When “Journalism” isn’t Journalism: The Rise of the Regurgitator.

 

We have reached a point in society where most of our news sources aren’t really news sources. The vast majority of websites you see out there that claim they are ‘news organizations’ are really no such thing. They have no actual reporters. They have no real journalists. They have no research staff. The have no fact checkers. They are – well, I suppose you could call them regurgitators.screen-shot-2016-12-03-at-8-47-35-am

If you browse through some of these ‘news’ sites, you’ll quickly find they have absolutely nothing that is actually new or original. What you’ll see is an endless string of references to material that does not originate with the site, but outside sources from traditional newspapers, magazines, and television/cable media, or even sources that have absolutely zero credibility like some wanna-be pundit on Twitter or Facebook.

What they do isn’t journalism, it’s – oh, harvesting, I suppose you could call it. They scrounge the internet for news items, studies, blogs, photos, twitter feeds, facebook posts, etc. for stories that they think will feed into the mindset of their readers, gulp them down, and then like mommy birds regurgitating food for their young, scurry back to their own website and puke it back out again, along with a liberal dose of outraged commentary, to feed their readers.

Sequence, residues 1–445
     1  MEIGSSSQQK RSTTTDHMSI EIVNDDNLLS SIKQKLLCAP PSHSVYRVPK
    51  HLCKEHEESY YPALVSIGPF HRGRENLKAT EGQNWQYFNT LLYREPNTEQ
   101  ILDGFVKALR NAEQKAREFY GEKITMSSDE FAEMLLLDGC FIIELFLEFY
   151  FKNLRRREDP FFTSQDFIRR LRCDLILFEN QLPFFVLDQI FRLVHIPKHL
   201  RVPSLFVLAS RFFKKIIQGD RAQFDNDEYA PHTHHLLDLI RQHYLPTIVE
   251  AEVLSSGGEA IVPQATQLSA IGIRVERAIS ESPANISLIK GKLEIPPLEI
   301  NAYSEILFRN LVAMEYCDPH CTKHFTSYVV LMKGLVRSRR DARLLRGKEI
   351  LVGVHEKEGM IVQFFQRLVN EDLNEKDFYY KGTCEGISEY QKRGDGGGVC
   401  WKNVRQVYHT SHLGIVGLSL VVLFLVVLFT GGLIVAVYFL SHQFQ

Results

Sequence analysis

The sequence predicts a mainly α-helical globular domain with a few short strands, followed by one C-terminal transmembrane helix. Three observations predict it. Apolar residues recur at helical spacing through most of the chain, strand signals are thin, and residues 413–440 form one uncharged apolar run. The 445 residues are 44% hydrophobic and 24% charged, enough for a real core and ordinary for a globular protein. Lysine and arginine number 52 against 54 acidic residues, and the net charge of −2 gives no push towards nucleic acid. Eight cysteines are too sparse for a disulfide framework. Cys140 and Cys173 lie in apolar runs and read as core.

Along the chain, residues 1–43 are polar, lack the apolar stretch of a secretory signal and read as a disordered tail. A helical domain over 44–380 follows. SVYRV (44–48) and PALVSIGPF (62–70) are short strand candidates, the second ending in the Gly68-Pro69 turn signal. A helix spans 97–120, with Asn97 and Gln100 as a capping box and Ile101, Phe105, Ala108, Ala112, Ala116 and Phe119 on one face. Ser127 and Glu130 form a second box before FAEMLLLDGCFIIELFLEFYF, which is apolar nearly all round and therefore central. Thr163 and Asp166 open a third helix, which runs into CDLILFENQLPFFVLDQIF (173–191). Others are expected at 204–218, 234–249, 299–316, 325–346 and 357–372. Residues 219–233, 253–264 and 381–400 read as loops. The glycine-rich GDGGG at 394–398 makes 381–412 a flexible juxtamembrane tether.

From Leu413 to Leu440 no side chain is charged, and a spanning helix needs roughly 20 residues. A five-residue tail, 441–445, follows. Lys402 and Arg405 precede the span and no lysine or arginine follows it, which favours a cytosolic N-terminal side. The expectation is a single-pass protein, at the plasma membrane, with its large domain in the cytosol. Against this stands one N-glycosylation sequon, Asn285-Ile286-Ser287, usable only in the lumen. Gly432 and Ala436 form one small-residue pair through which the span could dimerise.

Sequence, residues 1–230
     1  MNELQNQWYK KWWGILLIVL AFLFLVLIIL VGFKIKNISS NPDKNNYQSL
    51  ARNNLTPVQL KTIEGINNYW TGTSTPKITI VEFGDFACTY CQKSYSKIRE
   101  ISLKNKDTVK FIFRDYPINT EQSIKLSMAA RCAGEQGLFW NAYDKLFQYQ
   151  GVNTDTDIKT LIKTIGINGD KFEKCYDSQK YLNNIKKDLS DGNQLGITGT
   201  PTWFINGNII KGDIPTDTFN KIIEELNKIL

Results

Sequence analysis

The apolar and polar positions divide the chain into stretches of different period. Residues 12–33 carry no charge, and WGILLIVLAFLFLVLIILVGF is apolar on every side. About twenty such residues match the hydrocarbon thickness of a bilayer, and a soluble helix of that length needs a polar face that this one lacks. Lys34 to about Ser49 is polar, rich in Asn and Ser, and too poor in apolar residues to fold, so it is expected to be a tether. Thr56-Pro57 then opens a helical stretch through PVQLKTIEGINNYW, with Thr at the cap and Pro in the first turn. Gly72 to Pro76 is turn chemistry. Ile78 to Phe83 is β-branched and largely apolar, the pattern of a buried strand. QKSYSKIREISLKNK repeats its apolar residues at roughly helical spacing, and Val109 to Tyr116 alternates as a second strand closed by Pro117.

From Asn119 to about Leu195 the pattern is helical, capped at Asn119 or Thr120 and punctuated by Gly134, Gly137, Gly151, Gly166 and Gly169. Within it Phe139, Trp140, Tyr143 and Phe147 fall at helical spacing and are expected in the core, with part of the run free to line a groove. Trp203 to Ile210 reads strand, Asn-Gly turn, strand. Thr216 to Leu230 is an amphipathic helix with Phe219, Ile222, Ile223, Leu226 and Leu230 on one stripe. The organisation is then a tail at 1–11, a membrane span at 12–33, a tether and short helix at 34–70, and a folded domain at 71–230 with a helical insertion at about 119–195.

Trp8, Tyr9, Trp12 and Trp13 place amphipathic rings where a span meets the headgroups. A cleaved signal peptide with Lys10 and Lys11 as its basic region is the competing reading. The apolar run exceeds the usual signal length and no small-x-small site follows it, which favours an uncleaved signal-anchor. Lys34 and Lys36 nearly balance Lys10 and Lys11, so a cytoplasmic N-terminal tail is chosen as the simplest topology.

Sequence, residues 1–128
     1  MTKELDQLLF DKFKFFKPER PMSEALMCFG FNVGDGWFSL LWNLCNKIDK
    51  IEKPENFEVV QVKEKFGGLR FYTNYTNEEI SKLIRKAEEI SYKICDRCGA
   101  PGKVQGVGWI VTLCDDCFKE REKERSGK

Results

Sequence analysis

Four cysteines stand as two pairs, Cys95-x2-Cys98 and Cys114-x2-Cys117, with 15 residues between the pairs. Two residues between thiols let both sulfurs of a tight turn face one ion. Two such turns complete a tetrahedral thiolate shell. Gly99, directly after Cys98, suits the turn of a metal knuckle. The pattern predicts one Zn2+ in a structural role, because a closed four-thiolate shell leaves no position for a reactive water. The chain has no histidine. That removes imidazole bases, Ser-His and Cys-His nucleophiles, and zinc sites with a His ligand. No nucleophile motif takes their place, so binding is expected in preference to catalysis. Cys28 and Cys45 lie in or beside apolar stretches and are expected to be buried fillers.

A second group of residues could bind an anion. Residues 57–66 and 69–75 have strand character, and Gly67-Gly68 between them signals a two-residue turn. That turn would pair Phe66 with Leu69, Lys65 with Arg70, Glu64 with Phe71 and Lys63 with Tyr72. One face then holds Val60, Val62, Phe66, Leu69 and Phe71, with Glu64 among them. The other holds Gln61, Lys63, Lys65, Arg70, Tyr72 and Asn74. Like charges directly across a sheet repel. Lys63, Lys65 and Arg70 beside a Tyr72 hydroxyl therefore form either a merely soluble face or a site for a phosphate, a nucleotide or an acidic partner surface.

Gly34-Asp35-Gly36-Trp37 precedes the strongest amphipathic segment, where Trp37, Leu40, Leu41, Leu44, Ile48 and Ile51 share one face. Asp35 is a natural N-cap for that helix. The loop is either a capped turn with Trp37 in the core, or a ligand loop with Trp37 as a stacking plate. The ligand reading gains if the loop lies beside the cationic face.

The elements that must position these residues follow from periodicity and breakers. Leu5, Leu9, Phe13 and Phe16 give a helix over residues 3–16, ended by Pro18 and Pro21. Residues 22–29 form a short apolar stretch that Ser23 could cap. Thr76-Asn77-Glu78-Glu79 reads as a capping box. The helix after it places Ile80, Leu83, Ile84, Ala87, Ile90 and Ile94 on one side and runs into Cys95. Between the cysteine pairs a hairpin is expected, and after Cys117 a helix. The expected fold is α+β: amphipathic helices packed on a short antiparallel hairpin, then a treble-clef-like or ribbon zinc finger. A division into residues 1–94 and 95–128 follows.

I’m sorry if that’s a bit disgusting, but that’s pretty much exactly what they do; they scarf down real news stories, digest them a bit, add some digestive juices to blur things, and then regurgitate it for us. Not in it’s original form, but twisted, half dissolved, semi-digested, warped, changed, all to suit the point of view of the website’s backers and to lure the ranks of the outraged and irritated so the website can push its political agenda or moral stance and, even more importantly, generate that yummy, yummy advertising revenue.

Now I make no attempt to hide the fact that I lean towards the left side of the political spectrum, but even I have to admit that while the regurgitators fall pretty evenly on both sides of the spectrum, a lot of the left leaning sites are doing this. If you go to sites like Right Wing Watch or Raw Story, what you’ll find there is an endless string of “stories” that are nothing but regurgitated information from other sources, all selected to support and feed the anger and outrage of us lefties, along with large doses of comments by bloggers that support our feelings. If you switch over to the far right, you’ll find exactly the same thing going on.

I did a totally unscientific (and quick because I get bored easily) study and almost all of the “news” websites I have encountered are either entirely or mostly little more than regurgitators of other people’s work.